“The good news is there are some simple ways to re-build your nest egg and boost your retirement income, and we’re already seeing some Australians starting to tackle this. Our research found that many of us are willing to make sacrifices to get back on track, reducing spending and keeping a closer eye on our budgets, which is a positive sign,” Ms Power said.

Women could be worst impacted

The research confirmed that while Coronavirus has shaken retirement plans for many Australians, women have felt the financial impact more than men.

A third of women do not feel confident about retiring compared to men (33 per cent versus 25 per cent) as they have been able to save less during the pandemic. However, women are more willing to reduce spending compared to men (53 per cent versus 46 per cent) once this is over.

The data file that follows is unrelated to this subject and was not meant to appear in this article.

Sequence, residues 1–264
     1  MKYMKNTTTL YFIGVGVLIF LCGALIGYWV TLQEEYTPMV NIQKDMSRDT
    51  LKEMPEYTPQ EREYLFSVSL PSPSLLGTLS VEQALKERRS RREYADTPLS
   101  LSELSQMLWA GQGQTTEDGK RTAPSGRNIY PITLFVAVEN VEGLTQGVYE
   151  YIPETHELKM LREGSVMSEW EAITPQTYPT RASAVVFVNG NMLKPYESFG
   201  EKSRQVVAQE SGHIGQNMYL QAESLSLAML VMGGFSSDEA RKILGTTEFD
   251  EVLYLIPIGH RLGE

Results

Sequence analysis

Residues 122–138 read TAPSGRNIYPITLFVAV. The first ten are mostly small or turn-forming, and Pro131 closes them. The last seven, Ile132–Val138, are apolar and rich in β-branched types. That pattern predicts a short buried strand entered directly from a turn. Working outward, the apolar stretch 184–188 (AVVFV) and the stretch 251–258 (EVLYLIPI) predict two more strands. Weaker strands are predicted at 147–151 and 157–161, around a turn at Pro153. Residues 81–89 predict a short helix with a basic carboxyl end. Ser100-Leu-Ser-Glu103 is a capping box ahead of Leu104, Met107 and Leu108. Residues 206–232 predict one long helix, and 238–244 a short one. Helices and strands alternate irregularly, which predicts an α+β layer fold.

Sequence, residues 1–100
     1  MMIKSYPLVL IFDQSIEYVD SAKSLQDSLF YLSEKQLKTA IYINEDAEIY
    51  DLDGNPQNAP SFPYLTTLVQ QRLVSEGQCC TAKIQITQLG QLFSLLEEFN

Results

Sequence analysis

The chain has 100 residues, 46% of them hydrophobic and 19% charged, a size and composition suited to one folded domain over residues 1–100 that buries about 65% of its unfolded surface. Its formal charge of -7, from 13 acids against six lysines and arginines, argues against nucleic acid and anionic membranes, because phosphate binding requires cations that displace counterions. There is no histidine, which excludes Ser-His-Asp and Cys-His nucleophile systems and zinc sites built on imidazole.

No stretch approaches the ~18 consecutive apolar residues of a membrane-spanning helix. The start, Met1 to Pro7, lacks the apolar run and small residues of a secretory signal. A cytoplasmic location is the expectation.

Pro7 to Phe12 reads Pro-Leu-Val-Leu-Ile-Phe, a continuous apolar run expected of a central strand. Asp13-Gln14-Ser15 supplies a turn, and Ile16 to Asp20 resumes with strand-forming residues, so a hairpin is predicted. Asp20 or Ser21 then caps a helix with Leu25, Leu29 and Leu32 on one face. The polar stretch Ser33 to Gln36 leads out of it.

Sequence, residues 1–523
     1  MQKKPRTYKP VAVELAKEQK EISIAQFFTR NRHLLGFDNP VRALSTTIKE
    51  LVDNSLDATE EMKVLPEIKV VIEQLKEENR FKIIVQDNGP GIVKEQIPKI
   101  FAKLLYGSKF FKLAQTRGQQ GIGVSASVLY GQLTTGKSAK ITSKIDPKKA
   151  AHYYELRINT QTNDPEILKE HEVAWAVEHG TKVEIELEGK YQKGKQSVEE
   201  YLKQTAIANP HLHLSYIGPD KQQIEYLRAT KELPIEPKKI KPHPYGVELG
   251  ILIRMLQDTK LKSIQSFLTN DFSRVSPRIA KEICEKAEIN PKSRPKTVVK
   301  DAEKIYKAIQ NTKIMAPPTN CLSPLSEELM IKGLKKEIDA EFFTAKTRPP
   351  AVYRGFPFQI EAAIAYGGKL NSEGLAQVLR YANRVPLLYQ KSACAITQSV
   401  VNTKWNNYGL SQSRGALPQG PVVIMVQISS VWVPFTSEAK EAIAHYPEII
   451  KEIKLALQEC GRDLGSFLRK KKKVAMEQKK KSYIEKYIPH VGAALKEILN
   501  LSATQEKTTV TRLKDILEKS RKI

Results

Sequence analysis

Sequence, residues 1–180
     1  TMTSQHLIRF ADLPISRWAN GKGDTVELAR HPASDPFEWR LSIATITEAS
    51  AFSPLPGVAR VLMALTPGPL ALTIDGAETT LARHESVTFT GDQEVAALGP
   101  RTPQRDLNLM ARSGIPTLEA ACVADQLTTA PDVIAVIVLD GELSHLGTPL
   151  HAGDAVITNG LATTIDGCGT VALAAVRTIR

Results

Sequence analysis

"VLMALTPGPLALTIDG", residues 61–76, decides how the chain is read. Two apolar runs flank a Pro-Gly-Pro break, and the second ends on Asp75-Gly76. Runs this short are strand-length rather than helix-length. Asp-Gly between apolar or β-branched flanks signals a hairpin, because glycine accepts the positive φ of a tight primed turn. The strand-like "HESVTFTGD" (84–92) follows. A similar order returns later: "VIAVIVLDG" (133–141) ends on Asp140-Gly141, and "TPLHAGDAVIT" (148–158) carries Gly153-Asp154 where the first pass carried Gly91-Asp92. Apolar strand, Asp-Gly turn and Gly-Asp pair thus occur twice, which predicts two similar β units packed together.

The research also found that a third of women (32 per cent) surveyed do not have an investment portfolio outside of super, compared to just 17 per cent of men, potentially leaving them with less income after retirement.

Ms Power said: “The gender gap in the Australian superannuation system is a real issue that sees women financially disadvantaged in retirement. It was an issue before the current crisis, and it will be an even bigger problem when we emerge from the recession.

“As an industry this is something that is concerning for us and we need to do everything we can to support women impacted by Coronavirus, help them protect their wealth, and rebuild as the economy recovers.